21 December 2013

...Managing Pressure

Every year, since I began teaching, I've found the approaching winter break brings as much pressure as it does festivity. In fact, I've not once experienced a 'winding down' toward the end of a term. Instead, I tend to feel particularly wound up. Well, this post is concerned with professional pressure, whenever it occurs - and how to manage it.

Perhaps it's the number of loose ends that need tying up as the end of term approaches: Assessments to be finalised, reports written, and exercise books marked? Or is it more to do with the temporal aspect of immovable deadlines - including the fact that the school building will be locked up, so we're to be out by X hours..?

If the pressure we are feeling continues to build, or is endured for too long, it can reveal itself in physiological and emotional symptoms indicative of stress. Sometimes these signs are the first indications that something is wrong, even though a person may have been struggling to manage for extended periods. Even the sufferer themselves may be oblivious!

Now, I'm not well versed in medical knowledge, but I understand a little about notions of cause and effect. In terms of stress, if you feel threatened or upset the body produces more adrenaline and cortisol, which heightens alertness, lowers response times, and helps us to maintain our concentration. I suppose the acute symptoms of stress are due to prolonged dependence on this physical reaction to perceived difficulties.

If you're feeling stressed, panicked, struggling to cope with your workload, or feel under pressure through demands being made of your time, then let me share some of the guidance that I've picked up over the years. But first, let's come to an agreement about the pressure you feel: The chances are it's not due to any shortcomings, personal failings, or from not trying hard enough. In fact, it's probably an indication that you've been trying too hard, for too long. It's simply a signal that your body and mind are overdue a rest.

Managing pressure...

1 - Identify the source
Pressure and stress are abstract terms, but which represent very real feelings, emotions, and physical reactions. They can affect our behaviour, relationships, efficiency and effectiveness. But these outcomes can be a distraction from the actual source of the pressure.

So, when you feel under pressure consider the following: Where is the pressure stemming from? It there something that can be done, to reduce the sense that I'm under pressure? Am I putting unnecessary pressure on myself? The key is to identify the cause, and either eliminate it or plan ways of doing so.

2 - Prioritise tasks
Easier said than done, but essential. I'm an expert in prioritising easy jobs, that have little impact on my real workload. This is foolish.

Consider this carroll diagram. In which boxes would you place tasks that you have to complete? Some tasks that are important only become urgent if left unaddressed. You should prioritise avoiding urgent tasks which aren't inherently important, but become important by reason of their urgency. Empty box 1 first. Work in box 3. Ignore box 4?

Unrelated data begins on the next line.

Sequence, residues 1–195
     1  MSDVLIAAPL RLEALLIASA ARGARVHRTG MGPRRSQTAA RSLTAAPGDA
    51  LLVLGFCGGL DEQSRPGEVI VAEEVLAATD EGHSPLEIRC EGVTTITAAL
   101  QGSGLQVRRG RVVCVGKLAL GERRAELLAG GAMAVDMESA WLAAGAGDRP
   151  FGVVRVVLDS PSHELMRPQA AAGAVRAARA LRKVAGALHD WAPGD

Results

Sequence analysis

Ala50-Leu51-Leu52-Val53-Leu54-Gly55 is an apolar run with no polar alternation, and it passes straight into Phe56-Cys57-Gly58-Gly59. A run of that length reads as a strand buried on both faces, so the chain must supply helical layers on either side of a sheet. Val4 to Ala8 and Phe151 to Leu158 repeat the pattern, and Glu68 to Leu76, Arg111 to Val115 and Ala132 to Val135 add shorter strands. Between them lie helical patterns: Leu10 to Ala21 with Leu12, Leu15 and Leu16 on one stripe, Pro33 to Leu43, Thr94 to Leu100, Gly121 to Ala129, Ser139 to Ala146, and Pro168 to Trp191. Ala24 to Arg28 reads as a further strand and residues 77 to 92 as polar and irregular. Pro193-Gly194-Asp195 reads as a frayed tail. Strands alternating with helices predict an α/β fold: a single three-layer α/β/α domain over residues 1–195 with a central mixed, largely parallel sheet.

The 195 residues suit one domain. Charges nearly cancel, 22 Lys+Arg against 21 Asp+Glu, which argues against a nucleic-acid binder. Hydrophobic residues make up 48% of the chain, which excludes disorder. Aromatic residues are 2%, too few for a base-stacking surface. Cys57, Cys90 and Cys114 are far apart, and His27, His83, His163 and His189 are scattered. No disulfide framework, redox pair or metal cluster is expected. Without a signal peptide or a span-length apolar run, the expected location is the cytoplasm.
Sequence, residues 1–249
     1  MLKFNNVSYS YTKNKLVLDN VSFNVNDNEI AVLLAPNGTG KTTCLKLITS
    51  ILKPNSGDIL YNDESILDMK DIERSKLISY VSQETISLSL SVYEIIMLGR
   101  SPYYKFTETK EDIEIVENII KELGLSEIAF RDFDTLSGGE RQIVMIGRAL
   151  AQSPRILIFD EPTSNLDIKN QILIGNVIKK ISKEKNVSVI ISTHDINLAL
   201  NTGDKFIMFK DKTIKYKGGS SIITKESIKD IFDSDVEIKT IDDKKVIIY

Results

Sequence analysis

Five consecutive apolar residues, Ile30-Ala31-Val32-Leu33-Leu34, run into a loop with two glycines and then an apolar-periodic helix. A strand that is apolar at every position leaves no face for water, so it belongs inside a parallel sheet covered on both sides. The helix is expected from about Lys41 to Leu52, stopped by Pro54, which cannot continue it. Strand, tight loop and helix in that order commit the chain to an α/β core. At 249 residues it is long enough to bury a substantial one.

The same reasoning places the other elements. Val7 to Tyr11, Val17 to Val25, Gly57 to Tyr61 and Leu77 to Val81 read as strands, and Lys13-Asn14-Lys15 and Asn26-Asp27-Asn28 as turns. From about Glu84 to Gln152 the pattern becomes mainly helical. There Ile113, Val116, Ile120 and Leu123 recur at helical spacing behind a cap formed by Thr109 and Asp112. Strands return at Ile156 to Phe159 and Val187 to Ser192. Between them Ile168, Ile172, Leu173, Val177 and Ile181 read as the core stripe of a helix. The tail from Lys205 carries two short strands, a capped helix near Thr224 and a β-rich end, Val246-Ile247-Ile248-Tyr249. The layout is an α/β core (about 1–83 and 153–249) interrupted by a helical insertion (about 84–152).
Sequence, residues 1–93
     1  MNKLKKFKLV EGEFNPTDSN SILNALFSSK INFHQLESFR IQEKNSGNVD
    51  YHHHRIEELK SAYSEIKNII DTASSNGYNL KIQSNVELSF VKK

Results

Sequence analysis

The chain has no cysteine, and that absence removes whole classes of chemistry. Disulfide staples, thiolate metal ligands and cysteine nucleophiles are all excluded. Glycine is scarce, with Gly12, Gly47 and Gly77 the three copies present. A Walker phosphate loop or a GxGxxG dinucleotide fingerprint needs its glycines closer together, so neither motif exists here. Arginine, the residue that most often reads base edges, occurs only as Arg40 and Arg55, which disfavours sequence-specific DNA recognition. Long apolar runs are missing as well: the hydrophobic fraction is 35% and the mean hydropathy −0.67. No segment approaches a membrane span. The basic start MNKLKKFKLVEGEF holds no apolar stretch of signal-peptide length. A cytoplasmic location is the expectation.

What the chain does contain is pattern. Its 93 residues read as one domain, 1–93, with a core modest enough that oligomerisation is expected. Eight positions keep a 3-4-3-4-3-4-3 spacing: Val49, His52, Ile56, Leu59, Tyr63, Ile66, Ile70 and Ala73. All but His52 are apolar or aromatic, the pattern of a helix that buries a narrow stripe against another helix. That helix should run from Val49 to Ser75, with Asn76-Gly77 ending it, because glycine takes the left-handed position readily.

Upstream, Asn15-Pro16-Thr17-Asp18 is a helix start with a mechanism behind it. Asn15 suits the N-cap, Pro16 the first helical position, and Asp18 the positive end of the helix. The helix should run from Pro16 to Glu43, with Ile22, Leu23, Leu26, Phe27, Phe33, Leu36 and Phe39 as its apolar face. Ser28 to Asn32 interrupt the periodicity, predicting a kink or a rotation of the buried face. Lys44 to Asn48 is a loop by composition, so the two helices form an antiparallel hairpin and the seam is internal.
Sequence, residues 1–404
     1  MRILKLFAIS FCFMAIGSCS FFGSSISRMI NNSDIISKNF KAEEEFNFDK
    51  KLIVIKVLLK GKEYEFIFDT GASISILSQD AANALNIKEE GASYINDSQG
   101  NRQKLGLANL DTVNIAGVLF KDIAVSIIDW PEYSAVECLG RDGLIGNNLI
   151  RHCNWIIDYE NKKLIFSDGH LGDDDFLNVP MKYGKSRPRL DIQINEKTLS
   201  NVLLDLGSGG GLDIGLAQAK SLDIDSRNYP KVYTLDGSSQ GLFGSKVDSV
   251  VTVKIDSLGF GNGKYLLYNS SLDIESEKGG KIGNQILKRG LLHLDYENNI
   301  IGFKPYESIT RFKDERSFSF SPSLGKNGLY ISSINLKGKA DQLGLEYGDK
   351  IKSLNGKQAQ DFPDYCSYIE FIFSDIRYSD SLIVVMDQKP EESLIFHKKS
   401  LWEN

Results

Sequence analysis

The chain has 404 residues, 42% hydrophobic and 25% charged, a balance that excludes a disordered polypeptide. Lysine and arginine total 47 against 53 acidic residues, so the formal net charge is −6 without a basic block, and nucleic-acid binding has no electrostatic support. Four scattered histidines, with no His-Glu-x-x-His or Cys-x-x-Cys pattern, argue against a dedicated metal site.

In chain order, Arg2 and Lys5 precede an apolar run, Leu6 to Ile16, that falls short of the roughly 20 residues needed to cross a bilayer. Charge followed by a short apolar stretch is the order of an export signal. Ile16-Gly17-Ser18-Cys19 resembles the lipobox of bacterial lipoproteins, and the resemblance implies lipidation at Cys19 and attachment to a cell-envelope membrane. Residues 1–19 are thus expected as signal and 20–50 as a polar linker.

3 - Know your limit 
I suppose this is about knowing when and how to say 'no' to people who know you're likely to say 'yes'. If you're usually efficient and reliable you're someone that others will turn to when they're under pressure. So, if someone tries to dump something into your 'box 1' then let them know your conditions. If you tend to say 'of course, leave it with me!' Then try adding '...I'll be able to give it my full attention next week.'

If despite this you remain overloaded, with continuous feelings of pressure, then it's time to act. Particularly, if the quality of your work, or your efficiency, are being jeopardised by the pressure you are under then it's time to act.

4 - Communicate
Sometimes it's just a matter of telling someone. The earlier you share the problems you're experiencing, the sooner they're likely to be resolved. Don't be afraid of sharing them with a line manager, for example - it's in everyone's best interests that you're happy, working efficiently, and that things are getting done - but do tell them what they need to know, and what can be expected of you. Have suggestions; a recovery plan.

And don't forget that those close to you need to know too. Personal relations are unlikely to understand the expectations placed on you, unless you tell them. And although they may have noticed changes, they can't help if they don't know the reasons for them.

5 - Perspective
Finally, think positively, and act positively. But only aim to control what you can control. Avoid worrying about things beyond your control; they'll resolve themselves one way or another. And remember that, in time all our genuine problems - the things we do have some control over - eventually resolve one way or another too... so why worry about them?

References and further reading

Bennett, H. (2006) The Trainee Teacher's Survival Guide. London: Continuum

Birrell, G., Taylor, H. and Ward, H. (2010) Succeeding on your Primary PGCE. London: Sage.

HelpGuide - www.helpguide.org/mental/stress_signs.htm

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Regards, DJA